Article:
Facebook’s Photo Tagging Auto-Suggestion Feature: Another Silly Privacy Moral Panic

by on June 8, 2011 · 16 comments

Facebook announced yesterday that it had finished most of the global roll-out, begun in the U.S. last December. Now ZDNet reports that European Privacy regulators are already planning a probe of this. Emil Protalinski writes:

“Tags of people on pictures should only happen based on people’s prior consent and it can’t be activated by default,” Gerard Lommel, a Luxembourg member of the so-called Article 29 Data Protection Working Party, told BusinessWeek. Such automatic tagging “can bear a lot of risks for users” and the group of European data protection officials will “clarify to Facebook that this can’t happen like this.”

No doubt our friends at the Extra-Paternalist Internet Cops (EPIC) will jump into the fray with another of their many complaints to the FTC, dripping with outrage that Facebook has “opted us into” this feature. But what’s the big deal, really?  Emil explains how things work:

When you upload new photos, Facebook uses software similar to that found in many photo editing tools to match your new photos to other photos you’re tagged in. Similar photos are grouped together and, whenever possible, Facebook suggests the name(s) your friend(s) in the photos. In other words, the square that magically finds faces in a photo now suggests names of your Facebook friends to streamline the tagging process, especially with the same friends in multiple uploaded photos.

Lifehacker explains how easy it is for Facebook users to opt-out of having their friends seeing the automatically generated suggestion to tag their face (as Facebook did  in its own announcement):

  1. Head your Privacy Settings and click on Customize Settings.
  2. Scroll down to the “Suggest Photos of Me to Friends” setting and hit “Edit Settings”.
  3. In the drop-down on the right, hit “Disable”.

See the screenshots here. So, in short: The feature that’s upsetting the privacy regulationistas is a feature that saves us time and effort in tagging our friends in photos we upload—unless our friends have opt-outed of having their photos auto-suggested.

Just think about all the time users spent tagging their friends photo by photo—and the value lost from all the photos that aren’t tagged because they’re just not worth tagging. That’s exactly why Google’s Picasa photo management software has been using precisely this feature for some time—with nary a peep from the privacy regulationistas. Tagging is pro-user in a number of ways:

  • It’s actually pro-privacy! When you’re tagged in a photo, you get an email or an on-site notification telling you a friend has uploaded a photo of you to the site, giving you at least the opportunity to ask that person—your friend, after all—not just to remove the tag, but potentially to remove the photo, or to limit its visibility. Without tagging, you might never know the photo was on the site!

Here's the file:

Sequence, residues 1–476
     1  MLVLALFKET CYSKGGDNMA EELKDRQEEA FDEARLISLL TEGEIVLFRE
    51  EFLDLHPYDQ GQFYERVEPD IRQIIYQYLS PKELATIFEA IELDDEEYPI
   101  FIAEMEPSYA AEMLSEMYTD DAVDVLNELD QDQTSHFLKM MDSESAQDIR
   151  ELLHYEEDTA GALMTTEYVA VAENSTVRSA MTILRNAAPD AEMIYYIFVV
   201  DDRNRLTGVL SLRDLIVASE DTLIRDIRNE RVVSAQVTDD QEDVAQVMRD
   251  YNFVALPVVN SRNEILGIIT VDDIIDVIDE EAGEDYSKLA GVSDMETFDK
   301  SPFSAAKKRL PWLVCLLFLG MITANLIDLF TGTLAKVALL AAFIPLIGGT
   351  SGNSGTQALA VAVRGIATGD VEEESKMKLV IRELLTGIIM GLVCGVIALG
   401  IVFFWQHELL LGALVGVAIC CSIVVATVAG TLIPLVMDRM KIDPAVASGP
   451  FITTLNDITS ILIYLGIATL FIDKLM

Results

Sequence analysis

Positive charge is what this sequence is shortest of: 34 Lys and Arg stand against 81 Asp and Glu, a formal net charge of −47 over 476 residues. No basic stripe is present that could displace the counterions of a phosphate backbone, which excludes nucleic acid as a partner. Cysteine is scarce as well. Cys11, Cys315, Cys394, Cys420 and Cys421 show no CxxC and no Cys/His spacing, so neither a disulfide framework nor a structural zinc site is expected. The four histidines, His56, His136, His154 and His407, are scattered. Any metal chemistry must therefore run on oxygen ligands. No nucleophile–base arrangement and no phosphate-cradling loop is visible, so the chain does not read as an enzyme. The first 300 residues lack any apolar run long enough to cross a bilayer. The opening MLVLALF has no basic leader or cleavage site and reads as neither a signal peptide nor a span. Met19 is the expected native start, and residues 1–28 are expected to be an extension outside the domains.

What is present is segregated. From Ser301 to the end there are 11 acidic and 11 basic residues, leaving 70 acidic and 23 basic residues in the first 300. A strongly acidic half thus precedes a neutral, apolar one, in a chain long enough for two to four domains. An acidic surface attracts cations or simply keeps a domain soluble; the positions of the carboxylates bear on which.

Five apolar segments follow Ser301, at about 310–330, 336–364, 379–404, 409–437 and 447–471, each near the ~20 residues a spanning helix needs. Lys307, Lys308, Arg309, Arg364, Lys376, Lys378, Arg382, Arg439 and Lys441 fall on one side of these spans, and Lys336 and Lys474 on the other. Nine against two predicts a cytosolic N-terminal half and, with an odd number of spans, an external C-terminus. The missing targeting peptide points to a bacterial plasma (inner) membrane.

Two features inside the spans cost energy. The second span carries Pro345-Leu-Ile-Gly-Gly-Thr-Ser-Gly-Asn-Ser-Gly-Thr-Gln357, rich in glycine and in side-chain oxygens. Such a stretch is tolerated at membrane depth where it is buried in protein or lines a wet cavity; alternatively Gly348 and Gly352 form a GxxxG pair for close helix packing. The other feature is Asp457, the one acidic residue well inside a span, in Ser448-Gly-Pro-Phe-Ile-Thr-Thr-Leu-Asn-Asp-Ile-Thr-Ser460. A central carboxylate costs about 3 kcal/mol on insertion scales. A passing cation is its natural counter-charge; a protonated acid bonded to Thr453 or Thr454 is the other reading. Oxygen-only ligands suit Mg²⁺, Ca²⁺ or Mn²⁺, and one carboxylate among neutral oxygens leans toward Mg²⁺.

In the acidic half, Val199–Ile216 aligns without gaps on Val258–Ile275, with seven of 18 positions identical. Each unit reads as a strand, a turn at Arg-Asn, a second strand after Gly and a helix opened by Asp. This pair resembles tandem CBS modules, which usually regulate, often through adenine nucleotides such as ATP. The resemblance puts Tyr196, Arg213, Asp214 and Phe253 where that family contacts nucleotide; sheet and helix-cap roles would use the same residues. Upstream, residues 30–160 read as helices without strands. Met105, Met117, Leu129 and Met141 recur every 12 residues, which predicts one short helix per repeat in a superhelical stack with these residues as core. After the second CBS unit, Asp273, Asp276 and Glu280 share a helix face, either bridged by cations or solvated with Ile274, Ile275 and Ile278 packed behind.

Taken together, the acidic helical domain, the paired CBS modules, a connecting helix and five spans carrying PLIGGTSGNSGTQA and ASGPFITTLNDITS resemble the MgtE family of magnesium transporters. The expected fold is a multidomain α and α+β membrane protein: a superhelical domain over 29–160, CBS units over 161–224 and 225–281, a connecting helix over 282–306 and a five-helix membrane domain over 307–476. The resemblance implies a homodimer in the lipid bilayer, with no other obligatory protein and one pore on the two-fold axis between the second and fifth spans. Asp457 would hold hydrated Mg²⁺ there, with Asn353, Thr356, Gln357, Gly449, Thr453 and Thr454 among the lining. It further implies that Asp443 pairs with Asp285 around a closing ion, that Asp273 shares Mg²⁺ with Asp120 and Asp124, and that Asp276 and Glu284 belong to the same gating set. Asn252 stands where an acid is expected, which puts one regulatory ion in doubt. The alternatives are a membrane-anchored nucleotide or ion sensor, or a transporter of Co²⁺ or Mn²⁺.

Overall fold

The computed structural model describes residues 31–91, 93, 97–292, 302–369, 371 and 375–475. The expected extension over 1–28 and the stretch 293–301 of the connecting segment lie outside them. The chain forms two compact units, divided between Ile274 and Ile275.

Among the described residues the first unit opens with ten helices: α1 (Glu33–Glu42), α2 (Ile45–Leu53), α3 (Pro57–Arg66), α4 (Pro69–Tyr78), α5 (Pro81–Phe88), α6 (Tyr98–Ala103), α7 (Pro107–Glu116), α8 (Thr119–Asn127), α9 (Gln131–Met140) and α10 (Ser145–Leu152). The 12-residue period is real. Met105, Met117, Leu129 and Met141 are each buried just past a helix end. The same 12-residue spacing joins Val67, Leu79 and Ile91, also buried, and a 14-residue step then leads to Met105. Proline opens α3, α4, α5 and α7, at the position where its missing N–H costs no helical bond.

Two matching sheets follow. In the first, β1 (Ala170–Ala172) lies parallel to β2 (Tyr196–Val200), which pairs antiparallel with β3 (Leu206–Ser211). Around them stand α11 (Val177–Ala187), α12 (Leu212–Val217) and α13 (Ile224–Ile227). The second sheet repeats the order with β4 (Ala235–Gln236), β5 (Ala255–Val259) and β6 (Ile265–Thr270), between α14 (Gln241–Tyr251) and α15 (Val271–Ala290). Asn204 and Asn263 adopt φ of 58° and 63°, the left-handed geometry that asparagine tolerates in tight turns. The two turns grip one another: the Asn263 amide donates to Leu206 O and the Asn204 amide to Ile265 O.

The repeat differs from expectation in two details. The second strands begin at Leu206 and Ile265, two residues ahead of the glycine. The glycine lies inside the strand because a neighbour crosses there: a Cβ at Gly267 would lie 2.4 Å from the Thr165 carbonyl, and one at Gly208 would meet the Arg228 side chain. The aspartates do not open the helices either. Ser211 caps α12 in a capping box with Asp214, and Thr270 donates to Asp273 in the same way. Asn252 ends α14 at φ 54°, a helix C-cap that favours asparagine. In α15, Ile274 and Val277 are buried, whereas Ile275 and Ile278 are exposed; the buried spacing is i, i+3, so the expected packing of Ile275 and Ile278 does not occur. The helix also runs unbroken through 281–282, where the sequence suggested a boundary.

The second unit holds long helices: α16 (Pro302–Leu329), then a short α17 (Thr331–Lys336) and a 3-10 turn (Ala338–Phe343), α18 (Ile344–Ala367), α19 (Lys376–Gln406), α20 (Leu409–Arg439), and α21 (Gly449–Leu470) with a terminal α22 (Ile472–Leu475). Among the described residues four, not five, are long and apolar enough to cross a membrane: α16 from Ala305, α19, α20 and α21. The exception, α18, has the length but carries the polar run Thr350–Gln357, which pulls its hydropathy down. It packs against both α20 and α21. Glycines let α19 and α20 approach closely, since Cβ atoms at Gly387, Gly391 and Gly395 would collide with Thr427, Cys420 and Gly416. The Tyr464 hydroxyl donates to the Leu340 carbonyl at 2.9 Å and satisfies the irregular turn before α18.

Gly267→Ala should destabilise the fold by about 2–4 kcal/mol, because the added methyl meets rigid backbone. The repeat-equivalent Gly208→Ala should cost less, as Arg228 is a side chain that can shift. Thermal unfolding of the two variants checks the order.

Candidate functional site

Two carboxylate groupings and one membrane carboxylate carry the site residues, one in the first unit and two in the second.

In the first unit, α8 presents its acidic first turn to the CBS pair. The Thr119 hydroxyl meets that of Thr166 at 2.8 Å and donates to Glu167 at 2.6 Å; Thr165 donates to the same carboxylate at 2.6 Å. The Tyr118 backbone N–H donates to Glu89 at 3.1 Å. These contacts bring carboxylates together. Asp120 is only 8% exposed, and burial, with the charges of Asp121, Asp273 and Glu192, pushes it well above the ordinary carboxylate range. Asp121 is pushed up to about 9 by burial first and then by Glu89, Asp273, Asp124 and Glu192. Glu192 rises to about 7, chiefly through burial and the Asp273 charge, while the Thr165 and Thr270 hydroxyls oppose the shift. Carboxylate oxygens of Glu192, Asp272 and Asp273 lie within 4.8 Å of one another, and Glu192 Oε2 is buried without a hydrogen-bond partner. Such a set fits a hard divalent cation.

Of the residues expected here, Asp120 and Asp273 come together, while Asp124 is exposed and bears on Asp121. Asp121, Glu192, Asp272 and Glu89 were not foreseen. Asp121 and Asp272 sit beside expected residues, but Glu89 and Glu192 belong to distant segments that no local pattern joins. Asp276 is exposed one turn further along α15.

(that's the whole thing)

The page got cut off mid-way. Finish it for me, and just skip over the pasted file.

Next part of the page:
• Tagging facilitates dialogue among friends about shared experiences.
  • It creates a sort of annotated phot0-diary of our lives. It’s easy to trivialize this, but over time, I think people will increasingly come to think of photos they and their friends and loved ones have been tagged in as the modern-day equivalents of their photo albums.

Now, if Facebook were automatically placing these tags on photos we uploaded, I could understand why some users would be upset.  But what’s the problem with making it easier for users to tag their friends? Facebook has apologized in comments to the BBC, saying: “We should have been more clear with people during the roll-out process when this became available to them.” It’s probably true that Facebook could do more to inform—or remind—privacy-sensitive users how to opt-out of features like this one or otherwise increase their privacy settings. For example, perhaps a quarterly reminder to all users about privacy controls could help to allay concerns that users don’t appreciate how protect their own privacy? And whenever launching new products, the company really should do more to flag changes clearly in a very direct way to users.

But I’m not sure any amount of prior explanation would have satisfied the privacy worrywarts at EPIC and and in Europe.

A Right Not to Be Mentioned?

Re-read Monsieur Lommel’s statement carefully: “Tags of people on pictures should only happen based on people’s prior consent and it can’t be activated by default.”  His second concern, again, seems misplaced here: tags are being “activated” only when the user who uploads photos chooses to activate them.  But think carefully about his first claim: Should tags really “happen” based on prior consent from everyone we tagged?  How would tagging work on Facebook if, every time a user uploaded photos, and tagged their friends, each tagged friend had to grant “prior consent” for each tag to appear?